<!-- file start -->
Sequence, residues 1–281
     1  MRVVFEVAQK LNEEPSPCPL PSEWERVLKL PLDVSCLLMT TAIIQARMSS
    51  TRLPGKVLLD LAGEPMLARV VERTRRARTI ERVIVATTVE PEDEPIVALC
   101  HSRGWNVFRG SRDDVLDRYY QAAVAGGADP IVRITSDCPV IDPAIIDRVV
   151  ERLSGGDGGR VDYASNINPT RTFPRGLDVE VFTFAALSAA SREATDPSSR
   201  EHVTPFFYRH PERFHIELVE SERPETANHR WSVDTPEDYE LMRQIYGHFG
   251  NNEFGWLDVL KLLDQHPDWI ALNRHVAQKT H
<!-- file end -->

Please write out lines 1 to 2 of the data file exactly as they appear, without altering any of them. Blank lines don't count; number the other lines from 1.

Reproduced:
Sequence, residues 1–281
     1  MRVVFEVAQK LNEEPSPCPL PSEWERVLKL PLDVSCLLMT TAIIQARMSS